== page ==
Sunday, October 26, 2008

Interview with Jennifer Claire - Tolstoy's Wife

Playwright/ Actress Jennifer Claire talks about her Play -Tolstoy’s Wife

Interview by Tamarra Kaida

TK: In January I had the great pleasure of seeing you perform your extraordinary play, Tolstoy’s Wife, at the Amandari. For me it was especially interesting as it was The Tolstoy Foundation that helped bring me to New York from a White Russian refugee camp in Austria where I was born after WWII.
I have also read Sonya’s diaries and thought her story would make a good play. Imagine how surprised and delighted I was to find a play about Countess Sonya Tolstoy in Bali.

How did you become interested in Sonya Tolstoy and what made you want to write a play about her life?

JC: Many tears ago, on an ocean liner traveling from Vancouver to Australia, I found, in the ship’s library, an English translation of Sonya’s first diary, which she wrote during the early days of her marriage at the age of 18. The idea of a play lay in my mind, coming to the fore again, when thirty years later, I discovered and read her later diaries, written in her fifties- a whole life and 13 children later. I thought, now I will try and do it. I will try to write about this woman’s life. It took a year and many rewrites. It was when I really understood the role Vladimir Geigoryevich Chertkov, Tolstoy’s fanatic disciple, played in Sonya’s life, that I realized I had an antagonist. And, then I knew I had a play!

TK: But what actually captured your imagination about Sonya, as a person?

JC: Oh so much, her passion, her acute sensitivity, femininity, her boundless sense of giving. She loved to be needed. I am a little in awe of her.

TK: You are an actor and a playwright. Which career came first and what else have you written?

JC: I’ve always been an actress since my first professional job in English Repertory Company, at the age of 17. A lot of my life has been spent in theaters, where I have played in over 200 productions, plus film and TV. I started to write around the time I first came to Bali in 1974. Bali gave me a certain peace and balance, after the hectic life of the theatre. Thinking and dreaming became possible. I fell in love with this beautiful island, as have many people. In Bali, I really began to write. I have written all my plays here including The Butterflies of Kalimantan and Siestas in a Pink Hotel. I see my two talents as equal. One feeds the other. Although, I have to say, writing is by far the more difficult.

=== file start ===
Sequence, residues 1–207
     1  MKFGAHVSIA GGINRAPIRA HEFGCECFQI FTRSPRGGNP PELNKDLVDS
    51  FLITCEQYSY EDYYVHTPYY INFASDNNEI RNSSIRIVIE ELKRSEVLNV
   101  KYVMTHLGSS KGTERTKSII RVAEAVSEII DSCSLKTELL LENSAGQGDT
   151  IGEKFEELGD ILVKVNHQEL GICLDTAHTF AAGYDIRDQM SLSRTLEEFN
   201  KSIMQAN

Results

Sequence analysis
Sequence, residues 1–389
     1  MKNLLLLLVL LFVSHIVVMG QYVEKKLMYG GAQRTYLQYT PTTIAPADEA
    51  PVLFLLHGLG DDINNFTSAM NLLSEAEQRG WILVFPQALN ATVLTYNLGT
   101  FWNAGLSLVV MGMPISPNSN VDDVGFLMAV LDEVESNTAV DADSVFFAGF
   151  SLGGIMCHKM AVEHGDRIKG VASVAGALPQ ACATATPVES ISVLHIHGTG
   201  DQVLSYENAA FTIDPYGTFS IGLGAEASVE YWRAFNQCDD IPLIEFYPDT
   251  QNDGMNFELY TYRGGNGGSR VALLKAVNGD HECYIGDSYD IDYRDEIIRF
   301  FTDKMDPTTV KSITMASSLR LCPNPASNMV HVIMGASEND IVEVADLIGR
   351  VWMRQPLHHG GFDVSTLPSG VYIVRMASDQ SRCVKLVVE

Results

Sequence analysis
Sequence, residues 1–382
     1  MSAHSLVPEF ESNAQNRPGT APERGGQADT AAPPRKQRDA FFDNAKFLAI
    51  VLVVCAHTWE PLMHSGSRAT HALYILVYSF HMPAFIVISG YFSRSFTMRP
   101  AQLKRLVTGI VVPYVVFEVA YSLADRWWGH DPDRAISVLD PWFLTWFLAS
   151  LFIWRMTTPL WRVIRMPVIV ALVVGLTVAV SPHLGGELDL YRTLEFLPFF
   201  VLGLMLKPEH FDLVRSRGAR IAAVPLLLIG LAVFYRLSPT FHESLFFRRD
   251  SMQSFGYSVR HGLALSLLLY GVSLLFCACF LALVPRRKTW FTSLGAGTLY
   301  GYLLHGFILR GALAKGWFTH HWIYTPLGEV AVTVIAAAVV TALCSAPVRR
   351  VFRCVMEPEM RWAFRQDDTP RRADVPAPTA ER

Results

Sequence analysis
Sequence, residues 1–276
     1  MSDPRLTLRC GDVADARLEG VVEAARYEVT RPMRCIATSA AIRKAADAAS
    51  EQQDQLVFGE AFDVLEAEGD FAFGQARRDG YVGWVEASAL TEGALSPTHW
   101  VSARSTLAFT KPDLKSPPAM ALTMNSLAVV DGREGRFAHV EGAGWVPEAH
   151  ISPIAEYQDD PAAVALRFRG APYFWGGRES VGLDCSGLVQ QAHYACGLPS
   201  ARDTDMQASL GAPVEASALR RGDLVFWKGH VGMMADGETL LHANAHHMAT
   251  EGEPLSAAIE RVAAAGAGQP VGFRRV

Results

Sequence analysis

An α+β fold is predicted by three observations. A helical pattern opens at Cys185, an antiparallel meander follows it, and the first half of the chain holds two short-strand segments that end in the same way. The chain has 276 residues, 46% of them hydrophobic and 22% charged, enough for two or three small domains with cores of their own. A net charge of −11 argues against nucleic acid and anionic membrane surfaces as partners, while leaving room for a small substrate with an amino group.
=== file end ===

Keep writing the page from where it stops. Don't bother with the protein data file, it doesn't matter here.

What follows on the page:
TK: What other one person plays or monolog performances have inspired you?

JC: I didn’t model my work on anything specifically. The only rule I set for myself, was to write with as much immediacy as possible, I took great leaps of tenses, still the theatre allows that, and I have to say that I was greatly helped by having had the experience of performing Lillian, by William Luce. I learnt from a great director. The play opened the Spoleto Festival in Melbourne. On opening night I was terrified and so lonely. A one-woman play in a thousand-seat auditorium! No other actors to work with. But once I hit the stage everything came good. I learnt big lessons that gave me the confidence to do Sonya.

TK: Have you ever felt possessed by Sonya’s ghost?

JC: To be an actress is at times to be possessed. A lot of my life has been taken up with the business of thinking and feeling myself into another persona. It’s the life of an actress, there were times I could feel Sonya take over, she became quite a tyrant.

TK: You have performed the play in New York, London, Singapore, Melbourne, Bali and Java. Where was your most responsive audience?

JC: In New York, before my showcase performance. I had a ten-day rehearsal period with William Pomeranze, one of New York's great directors. He was inspiring and after the show I got a huge reception and was asked back to do their Women’s Center Stage season at the Bleeker Street Theater. All audiences are different. It is up to me to get them involved.

TK: Have you performed the play in Russia? Is anyone translating it into Russian?

JC: I cannot speak Russian, my love affair with all things Russian came first from performing all of Chekhov’s plays and some of Gorky’s. I have never been to Russia, maybe one day. No, no one is translating the play into Russian.

TK: Are you working on something new?

JC: No, not at the moment. I always have ideas. But I am not yet finished with Sonya.

1 comment:

Adrian said...

Dear Uma,
I am trying to contact my sister
Jennifer and i am not haveing much
luck,as you did an interview with
Jennifer i was hopeing you would have
a phone number or email adderss for
her. Thankyou in advance Adrian Bailey
My address-
3 Fairlie Av
Queensland 4650
Australia phone 0741212540